Extension of powers of agents in simple investigations

In the case of simple investigations, agents have the power of obtaining physical access to premises, obtaining communications or the ability to take copies of professional documents, obtaining information and justifications and soliciting expert evaluations, but may not undertake searches or seizures or interrogate people to obtain verbal evidence.

In addition to a number of minor additions (right of agents to be assisted by any qualified person, right to verify identity), the Hamon Law substantially modifies the right of access of agents by granting them:

  • Access not only to all premises, terrains or means of transport for professional use, but also to premises which serve both as a dwelling and as a place of business. In this case, however, the Hamon Law grants the occupant of the premises a right of opposition which, if exercised, requires the agents to obtain an authorisation of the “juge des libertés et de la detention” (a judge with special jurisdiction regarding individual liberties) of the TGI with jurisdiction. The law also provides that investigations may only occur between the hours of 8:00 am and 8:00 pm, but agents may have access to professional premises outside of these hours if such premises are open to the public or if production, manufacture, transformation, conditioning, transportation or commercialisation activities are then in progress; and
  • Most significantly, access to software and computerised data, which constitutes a major risk for businesses taking into account the ever-increasing dematerialisation of information. In order to scrutinise operations which use computerised data, agents are therefore granted access “to software and stored data, as well as to the restitution in unencrypted form of information which facilitates the accomplishment of their mission”, and “to request the transcription by any appropriate means of documents directly utilisable for the purposes of their scrutiny.” This new right, which can be considered as constituting a genuine right to data capture without judicial authorisation, was the subject of strong opposition when the bill was debated in Parliament. However, according to the parliamentary debates, no actual verification, search or seizure of computerised data should be possible in this respect. The agents may only use this procedure for documents of which they have a clear knowledge and they have no coercive power to require the business to furnish data and software. However, in the absence of precision in the text, these “guarantees” seem to be limited and argue in favour of vigilance in order to avoid any risk of abuse. The companies should therefore train their IT personnel, who will in practice become the “guardians” of the companies’ rights.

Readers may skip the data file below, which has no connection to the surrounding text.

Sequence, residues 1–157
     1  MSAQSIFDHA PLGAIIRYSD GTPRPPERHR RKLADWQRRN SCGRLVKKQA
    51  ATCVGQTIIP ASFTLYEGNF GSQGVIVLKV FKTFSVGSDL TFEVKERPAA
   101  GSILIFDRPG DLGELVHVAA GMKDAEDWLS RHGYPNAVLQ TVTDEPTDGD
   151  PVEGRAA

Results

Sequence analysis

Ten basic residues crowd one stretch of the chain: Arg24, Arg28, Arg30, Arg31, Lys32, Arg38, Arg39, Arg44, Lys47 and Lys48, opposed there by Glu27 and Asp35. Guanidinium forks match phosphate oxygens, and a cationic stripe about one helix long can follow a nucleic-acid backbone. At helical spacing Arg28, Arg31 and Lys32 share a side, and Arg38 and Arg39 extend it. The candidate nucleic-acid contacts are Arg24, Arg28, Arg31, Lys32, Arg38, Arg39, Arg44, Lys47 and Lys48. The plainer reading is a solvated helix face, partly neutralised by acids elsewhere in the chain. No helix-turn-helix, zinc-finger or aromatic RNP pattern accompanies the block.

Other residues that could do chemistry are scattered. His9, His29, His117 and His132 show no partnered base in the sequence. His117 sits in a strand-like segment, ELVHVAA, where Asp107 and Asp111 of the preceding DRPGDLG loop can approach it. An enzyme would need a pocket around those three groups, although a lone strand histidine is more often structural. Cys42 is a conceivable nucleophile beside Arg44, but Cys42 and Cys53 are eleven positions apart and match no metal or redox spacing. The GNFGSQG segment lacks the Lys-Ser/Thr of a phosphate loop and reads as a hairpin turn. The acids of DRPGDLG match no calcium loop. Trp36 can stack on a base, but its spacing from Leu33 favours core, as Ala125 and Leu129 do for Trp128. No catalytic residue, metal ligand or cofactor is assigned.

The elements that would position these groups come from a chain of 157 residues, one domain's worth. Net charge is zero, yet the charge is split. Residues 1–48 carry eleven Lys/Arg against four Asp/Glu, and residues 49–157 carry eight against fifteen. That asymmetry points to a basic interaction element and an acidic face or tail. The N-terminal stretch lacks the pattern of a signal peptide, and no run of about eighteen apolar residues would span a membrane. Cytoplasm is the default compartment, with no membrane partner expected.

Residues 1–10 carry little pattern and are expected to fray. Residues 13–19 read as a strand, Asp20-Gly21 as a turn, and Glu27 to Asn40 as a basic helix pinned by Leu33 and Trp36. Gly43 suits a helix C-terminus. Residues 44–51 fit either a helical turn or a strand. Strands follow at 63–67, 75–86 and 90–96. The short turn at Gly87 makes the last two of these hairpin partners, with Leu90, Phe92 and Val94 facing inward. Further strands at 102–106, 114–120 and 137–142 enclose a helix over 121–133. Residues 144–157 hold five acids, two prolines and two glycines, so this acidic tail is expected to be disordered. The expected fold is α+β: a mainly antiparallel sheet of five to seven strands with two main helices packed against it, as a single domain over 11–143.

The Hamon Law has also increased the scope of such powers by modifying article L. 450-1 to permit the FCA to use them not only for investigations of anticompetitive practices and business concentrations, but also for the application of the provisions relating to the attributions of the FCA, to procedure, decisions and appeals (Title VI of Book IV of the French Commercial Code), which means that new cases of simple investigations may arise, particularly with respect to sectorial investigations, injunctions or undertakings.

Lightened formalism and heavier sanctions for all competition investigations

From now on, a simple copy of minutes taken during an inspection can be communicated to a business, rather than a double of the original as previously required, which implicitly authorises agents to communicate such minutes on an aposteriori basis. Businesses should therefore be increasingly vigilant following an investigation and will benefit from scrupulously noting the contents thereof in order to preserve their rights.

With respect to sanctions, the law hardens the obligation of businesses to cooperate with investigations by increasing the amount of sanctions in the event of obstruction, increasing the penalties of imprisonment from six months to two years, and fines from €7,500 to €300,000. It should be recalled that agents can also impose other sanctions, whether for obstruction (1 per cent of the total turnover of the business), refusal to respond to a request for information or to a convocation (injunctions up to 5 per cent of daily average turnover for each day of delay) or insulting behaviour (6 months’ imprisonment and €7,500 of fines).

New powers of injunctions and administrative sanctions

In the event of violation of the rules on price transparency, restrictive practices or other prohibited practices (Title IV of Book IV of the French Commercial Code), the Hamon Law grants the officials of the Ministry of the Economy a new power of injunction enabling them to require a business to comply with its obligations, to cease any illegal activity or to eliminate any illicit clause. In addition, in the event of refusal to comply with such an injunction, the administrative authority charged with competition and consumer affairs can impose an administrative fine of up to €3,000 for physical persons or €15,000 for legal entities.

Some new aspects of distribution law

Sanction of maximum payment terms